• #6
please be informed its not the intensity! i guess it is just the real part of complex amplitude !
 
  • #7
pw(j)=exp(i*(x(j)+y(j)));
This doesn't look good, unless you actually mean a planar wave with a k vector (1,1,0). And you are plotting the real part of the wave function along the line x=y anyway, so it shouldn't give a different picture ?
 
  • #8
yes ! iam plotting along x=y only. i can choose any values of x and y however i need to ensure that they contain same number of elements for MATLAB computation.
remember it is actually dot product of (x i +y j) and (i +j) that is giving me x +y that is why it is looking like pw(j)=exp(i*(x(j)+y(j)));
I need to understand some more fundamentals (maths related) before taking up this plotting work. kindly forward me some notes if you have on this topic. your active participation is appreciated. Thank You.
 

1. What is a 2D plot of a plane wave?

A 2D plot of a plane wave is a graphical representation of a wave traveling in a single direction, with constant amplitude and wavelength. It is often depicted as a sine or cosine function with a horizontal axis representing distance and a vertical axis representing amplitude.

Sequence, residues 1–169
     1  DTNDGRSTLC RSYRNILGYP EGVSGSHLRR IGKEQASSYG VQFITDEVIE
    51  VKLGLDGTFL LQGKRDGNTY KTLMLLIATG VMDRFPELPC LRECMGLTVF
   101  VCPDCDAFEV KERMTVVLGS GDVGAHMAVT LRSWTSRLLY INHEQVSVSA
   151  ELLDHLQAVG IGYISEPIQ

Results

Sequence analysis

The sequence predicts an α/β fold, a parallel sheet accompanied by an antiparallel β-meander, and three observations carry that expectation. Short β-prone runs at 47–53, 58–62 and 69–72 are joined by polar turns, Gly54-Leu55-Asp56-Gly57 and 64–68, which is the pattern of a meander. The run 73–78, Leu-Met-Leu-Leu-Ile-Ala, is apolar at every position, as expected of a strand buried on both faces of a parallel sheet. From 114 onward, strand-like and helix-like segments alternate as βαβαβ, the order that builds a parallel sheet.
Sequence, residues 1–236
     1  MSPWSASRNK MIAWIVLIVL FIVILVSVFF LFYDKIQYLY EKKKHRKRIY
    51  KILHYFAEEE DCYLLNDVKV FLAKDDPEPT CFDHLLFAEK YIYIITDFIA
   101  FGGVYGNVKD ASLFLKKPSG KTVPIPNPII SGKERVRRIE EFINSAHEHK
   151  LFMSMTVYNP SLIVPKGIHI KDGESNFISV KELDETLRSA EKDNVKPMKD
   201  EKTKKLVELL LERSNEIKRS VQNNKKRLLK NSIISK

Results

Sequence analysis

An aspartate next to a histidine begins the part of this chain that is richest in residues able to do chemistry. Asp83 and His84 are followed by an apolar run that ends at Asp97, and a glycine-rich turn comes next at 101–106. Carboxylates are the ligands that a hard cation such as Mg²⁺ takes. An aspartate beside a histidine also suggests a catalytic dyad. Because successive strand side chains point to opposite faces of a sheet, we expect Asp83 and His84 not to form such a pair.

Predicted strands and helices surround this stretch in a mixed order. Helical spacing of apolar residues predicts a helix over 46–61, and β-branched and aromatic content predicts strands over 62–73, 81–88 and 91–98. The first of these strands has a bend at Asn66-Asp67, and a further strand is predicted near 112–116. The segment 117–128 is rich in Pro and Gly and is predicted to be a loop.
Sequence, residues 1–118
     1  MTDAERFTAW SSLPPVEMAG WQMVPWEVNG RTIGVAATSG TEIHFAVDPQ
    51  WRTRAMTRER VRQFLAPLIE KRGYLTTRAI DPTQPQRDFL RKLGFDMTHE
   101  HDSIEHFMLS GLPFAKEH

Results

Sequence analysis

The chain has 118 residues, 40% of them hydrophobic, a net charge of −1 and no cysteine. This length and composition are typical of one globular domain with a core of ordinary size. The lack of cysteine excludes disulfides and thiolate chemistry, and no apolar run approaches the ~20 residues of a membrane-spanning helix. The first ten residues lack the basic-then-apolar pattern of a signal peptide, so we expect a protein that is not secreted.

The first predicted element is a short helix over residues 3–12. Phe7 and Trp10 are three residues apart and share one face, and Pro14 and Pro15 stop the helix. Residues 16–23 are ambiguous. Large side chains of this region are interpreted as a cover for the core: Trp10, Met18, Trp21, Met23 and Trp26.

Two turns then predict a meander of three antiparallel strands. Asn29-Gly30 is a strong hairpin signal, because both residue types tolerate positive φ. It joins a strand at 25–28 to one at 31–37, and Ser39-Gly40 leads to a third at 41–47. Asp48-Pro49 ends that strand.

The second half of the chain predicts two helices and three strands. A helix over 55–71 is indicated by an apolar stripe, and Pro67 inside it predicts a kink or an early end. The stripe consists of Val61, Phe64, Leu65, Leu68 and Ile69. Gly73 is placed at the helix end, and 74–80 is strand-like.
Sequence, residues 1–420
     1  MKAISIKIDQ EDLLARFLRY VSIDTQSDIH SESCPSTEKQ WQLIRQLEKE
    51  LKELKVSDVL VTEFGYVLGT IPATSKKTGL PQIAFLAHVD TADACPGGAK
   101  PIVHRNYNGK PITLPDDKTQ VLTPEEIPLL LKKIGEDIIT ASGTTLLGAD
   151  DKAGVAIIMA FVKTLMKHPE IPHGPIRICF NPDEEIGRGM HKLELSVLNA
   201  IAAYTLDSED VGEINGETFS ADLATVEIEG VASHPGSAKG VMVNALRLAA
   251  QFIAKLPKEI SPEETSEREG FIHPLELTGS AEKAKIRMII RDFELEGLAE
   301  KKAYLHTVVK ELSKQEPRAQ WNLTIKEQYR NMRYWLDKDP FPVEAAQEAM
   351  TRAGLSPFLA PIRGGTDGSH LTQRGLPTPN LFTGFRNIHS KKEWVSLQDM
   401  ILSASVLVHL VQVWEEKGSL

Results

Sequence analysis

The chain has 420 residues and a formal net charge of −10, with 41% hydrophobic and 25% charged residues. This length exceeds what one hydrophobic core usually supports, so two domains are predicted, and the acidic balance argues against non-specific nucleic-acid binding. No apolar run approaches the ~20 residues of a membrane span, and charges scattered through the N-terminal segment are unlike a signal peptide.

2. How is a cylindrical wave different from a plane wave?

A cylindrical wave is a type of wave that propagates outward from a point source in all directions, creating a cylindrical shape. In contrast, a plane wave travels in a single direction, creating a flat wavefront. Cylindrical waves are commonly seen in sound waves, while plane waves are often used to describe electromagnetic waves.

3. What do the different components of a 2D plot of a spherical wave represent?

In a 2D plot of a spherical wave, the horizontal axis represents distance from the source, while the vertical axis represents the amplitude of the wave. The shape of the wave, which is often depicted as a circle, represents the wavefront.

4. How can I use a 2D plot of a plane wave, cylindrical wave, or spherical wave in my research?

2D plots of different types of waves are commonly used in various fields of science, including physics, engineering, and mathematics. They can be used to analyze and understand the behavior of different types of waves, and can also be used to model and predict wave propagation in different mediums.

5. Are there any limitations to using 2D plots to represent waves?

While 2D plots are a useful tool for visualizing waves, they do have limitations. For example, they only show a snapshot of a wave at a specific point in time, and do not take into account factors such as interference or diffraction. Additionally, 2D plots may not accurately represent more complex wave patterns, such as those found in turbulent flow or non-linear systems.